Neville RANGOLAN and Shirley Rangolan, Plaintiffs-Appellees-Cross-Appellants, v. THE COUNTY OF NASSAU and Nassau County Sheriff's Department, Defendants-Appellants-Cross-Appellees.
Neville Rangolan was beaten by a fellow prisoner while both were inmates in the Nassau County Jail. Claiming that Rangolan should not have been housed in the same unit as the other inmate, he and his wife brought the present action alleging both negligence under New York law and deliberate indifference to his safety amounting to a violation of his Eighth Amendment rights under 42 U.S.C. § 1983. The district court dismissed the Section 1983 claim, but a jury granted damages on the negligence claim.
Nassau County and the Nassau County Sheriff's Department (collectively, “the County”) appeal from Judge Spatt's orders (i) denying the County's request to charge the jury concerning the apportionment of damages in accordance with N.Y. C.P.L.R. 1601; (ii) denying in part and granting in part the County's motion to amend the judgment; and (iii) taxing as costs against the County fees incurred by the United States Marshal Service in transporting Rangolan to trial. Rangolan cross-appeals from Judge Spatt's order dismissing his Section 1983 claim against the County and the remittitur order reducing his damages award for future pain and suffering. We affirm the judgment for the County on Rangolan's Section 1983 claim and certify to the New York Court of Appeals the question concerning the proper interpretation of N.Y. C.P.L.R. 1601 and 1602(2)(iv). We retain jurisdiction over the appeal pending a response by the New York Court of Appeals and withhold our ruling on the parties' challenges to the damages and costs awards.
While an inmate at the Nassau County Correctional Center (“NCCC”), Rangolan was seriously beaten by a fellow inmate named Steven King. Rangolan and King had been housed together by the County even though their information history forms stored in the NCCC's computer system indicated that the two should not be in contact. Rangolan had cooperated with the government in prosecuting King by acting as a confidential informant, and it was therefore feared that King would retaliate against Rangolan. NCCC Officer Donald Sherlock was responsible for having assigned King to the same dormitory as Rangolan. Sherlock testified that, when he transferred King into Rangolan's dorm, he failed to notice that the “remarks” section of King's information history stated that King was not to be housed with Rangolan.
Rangolan and his wife, Shirley, brought the following claims against the County: (i) a Section 1983 claim, alleging a violation of Neville's Eighth Amendment rights due to the County's deliberate indifference to his safety; (ii) two negligence claims under New York law, for breaching duties to protect Neville and to properly train NCCC officers; and (iii) a claim for Shirley's loss of Neville's services. At the close of the evidence, the district court granted judgment as a matter of law to the County on the Section 1983 claim and to Rangolan on the failure-to-protect negligence claim. It denied the County's motion for judgment on the loss-of-services claim. The district court also ruled that the County was not entitled to a jury instruction concerning the apportionment of damages with King in accordance with N.Y. C.P.L.R. 1601. See Rangolan v. County of Nassau, 51 F.Supp.2d 233, 235-36 (E.D.N.Y.1999). The district court reasoned that N.Y. C.P.L.R. 1602(2)(iv) rendered Article 16 inapplicable to defendants whose liability arises by breach of a non-delegable duty and that the County's liability here arose by reason of breach of its non-delegable duty to protect prisoners within its custody. See id.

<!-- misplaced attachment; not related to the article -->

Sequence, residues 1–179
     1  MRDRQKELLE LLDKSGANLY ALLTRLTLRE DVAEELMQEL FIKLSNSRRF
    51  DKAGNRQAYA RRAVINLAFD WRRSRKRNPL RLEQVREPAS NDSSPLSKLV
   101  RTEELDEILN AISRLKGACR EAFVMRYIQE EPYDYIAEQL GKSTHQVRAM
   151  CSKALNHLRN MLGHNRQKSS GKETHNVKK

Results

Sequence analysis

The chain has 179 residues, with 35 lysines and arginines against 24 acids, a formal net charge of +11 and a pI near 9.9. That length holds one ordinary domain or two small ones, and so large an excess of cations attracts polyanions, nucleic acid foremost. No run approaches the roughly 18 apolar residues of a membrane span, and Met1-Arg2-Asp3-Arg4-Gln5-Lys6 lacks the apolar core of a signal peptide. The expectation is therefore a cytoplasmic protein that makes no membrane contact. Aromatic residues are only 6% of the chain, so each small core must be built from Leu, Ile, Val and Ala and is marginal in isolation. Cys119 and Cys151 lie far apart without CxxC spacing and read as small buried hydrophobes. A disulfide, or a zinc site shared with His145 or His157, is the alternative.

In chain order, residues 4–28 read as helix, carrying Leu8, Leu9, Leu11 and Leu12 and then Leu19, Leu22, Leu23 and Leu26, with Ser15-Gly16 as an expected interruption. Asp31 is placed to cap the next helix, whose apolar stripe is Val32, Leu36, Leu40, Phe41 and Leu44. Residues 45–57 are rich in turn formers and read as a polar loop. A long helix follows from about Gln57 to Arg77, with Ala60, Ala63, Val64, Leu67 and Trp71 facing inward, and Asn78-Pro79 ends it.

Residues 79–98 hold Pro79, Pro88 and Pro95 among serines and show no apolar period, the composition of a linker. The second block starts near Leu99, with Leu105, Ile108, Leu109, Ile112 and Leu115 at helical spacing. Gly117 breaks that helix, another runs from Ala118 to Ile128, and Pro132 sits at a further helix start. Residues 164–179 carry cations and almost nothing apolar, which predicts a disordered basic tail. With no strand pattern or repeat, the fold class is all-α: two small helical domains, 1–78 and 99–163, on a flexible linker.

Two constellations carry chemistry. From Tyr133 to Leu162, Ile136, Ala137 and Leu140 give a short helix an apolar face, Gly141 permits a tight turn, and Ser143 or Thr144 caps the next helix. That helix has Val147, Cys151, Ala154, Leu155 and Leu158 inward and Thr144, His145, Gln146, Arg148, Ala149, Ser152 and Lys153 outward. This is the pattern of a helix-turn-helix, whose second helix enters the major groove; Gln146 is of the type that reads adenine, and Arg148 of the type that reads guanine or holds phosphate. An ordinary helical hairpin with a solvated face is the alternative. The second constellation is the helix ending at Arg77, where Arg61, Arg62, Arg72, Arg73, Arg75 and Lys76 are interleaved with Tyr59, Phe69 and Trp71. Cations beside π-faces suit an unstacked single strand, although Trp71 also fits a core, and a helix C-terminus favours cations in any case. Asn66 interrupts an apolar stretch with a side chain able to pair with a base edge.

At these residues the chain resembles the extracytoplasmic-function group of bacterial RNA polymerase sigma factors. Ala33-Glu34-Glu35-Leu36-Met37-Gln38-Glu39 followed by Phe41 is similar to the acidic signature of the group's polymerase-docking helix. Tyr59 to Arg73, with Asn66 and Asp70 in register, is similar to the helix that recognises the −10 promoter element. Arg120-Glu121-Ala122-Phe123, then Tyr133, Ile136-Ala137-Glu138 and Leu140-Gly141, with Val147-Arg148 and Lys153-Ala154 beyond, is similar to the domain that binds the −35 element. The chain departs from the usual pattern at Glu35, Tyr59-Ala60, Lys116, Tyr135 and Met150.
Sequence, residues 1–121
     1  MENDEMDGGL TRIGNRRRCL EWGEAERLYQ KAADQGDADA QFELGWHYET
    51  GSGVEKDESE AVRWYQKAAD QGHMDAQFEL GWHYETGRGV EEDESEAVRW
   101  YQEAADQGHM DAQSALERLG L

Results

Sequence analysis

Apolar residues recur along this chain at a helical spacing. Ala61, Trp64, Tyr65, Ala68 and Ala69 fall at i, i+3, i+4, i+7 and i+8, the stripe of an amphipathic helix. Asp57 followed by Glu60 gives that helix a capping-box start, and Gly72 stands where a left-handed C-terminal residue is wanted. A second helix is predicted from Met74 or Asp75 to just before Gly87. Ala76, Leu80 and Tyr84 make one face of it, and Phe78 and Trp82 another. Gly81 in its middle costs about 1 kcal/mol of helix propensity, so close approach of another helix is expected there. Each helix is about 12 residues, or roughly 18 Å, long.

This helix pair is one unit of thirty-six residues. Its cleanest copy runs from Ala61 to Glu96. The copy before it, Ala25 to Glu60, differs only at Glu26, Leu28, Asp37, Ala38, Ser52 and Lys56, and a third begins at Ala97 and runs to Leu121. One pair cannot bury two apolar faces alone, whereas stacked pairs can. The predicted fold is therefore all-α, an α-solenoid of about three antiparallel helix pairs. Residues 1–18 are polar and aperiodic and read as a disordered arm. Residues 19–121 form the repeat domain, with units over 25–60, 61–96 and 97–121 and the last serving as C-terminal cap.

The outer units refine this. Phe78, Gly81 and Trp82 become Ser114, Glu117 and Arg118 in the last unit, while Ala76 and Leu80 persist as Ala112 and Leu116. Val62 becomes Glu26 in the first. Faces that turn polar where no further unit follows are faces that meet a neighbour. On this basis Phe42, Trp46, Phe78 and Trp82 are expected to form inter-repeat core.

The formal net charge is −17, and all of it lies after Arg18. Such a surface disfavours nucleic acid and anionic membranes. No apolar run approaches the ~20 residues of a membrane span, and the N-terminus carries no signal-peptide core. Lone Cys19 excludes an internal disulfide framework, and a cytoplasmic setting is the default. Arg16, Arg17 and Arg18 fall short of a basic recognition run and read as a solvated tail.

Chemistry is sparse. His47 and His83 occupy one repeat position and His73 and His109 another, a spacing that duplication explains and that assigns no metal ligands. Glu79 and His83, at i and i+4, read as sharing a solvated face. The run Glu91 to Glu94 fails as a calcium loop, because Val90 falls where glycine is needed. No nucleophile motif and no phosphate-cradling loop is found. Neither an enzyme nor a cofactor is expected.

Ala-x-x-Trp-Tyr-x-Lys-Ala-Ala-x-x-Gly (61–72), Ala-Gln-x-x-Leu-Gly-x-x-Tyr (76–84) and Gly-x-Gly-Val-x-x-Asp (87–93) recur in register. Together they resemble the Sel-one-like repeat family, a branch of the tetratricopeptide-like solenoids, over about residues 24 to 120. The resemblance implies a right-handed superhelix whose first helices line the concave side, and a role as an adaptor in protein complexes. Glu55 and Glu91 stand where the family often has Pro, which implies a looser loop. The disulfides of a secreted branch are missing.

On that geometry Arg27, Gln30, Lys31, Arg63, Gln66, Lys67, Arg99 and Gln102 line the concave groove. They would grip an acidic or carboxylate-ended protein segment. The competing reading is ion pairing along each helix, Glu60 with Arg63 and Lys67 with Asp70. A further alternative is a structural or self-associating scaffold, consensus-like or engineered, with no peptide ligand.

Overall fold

After a trial on damages, the jury awarded Neville Rangolan $300,000 in past pain and suffering and $1.25 million in future pain and suffering and $60,000 to Shirley Rangolan on her loss-of-services claim. See Rangolan v. County of Nassau, 51 F.Supp.2d 236, 238 (E.D.N.Y.1999). On the County's motion for a new trial or, in the alternative, to amend the judgment, the district court ordered a new trial on damages unless Neville Rangolan agreed to a $500,000 award for future pain and suffering and Shirley Rangolan agreed to a $20,000 award. See id. at 244. Both plaintiffs accepted the reduced awards. Later, the district court taxed as costs against the County almost $5,000 in fees incurred by the United States Marshal Service for transporting, guarding, and caring for Neville Rangolan, who was in the custody of the United States Immigration and Naturalization Service during the trial.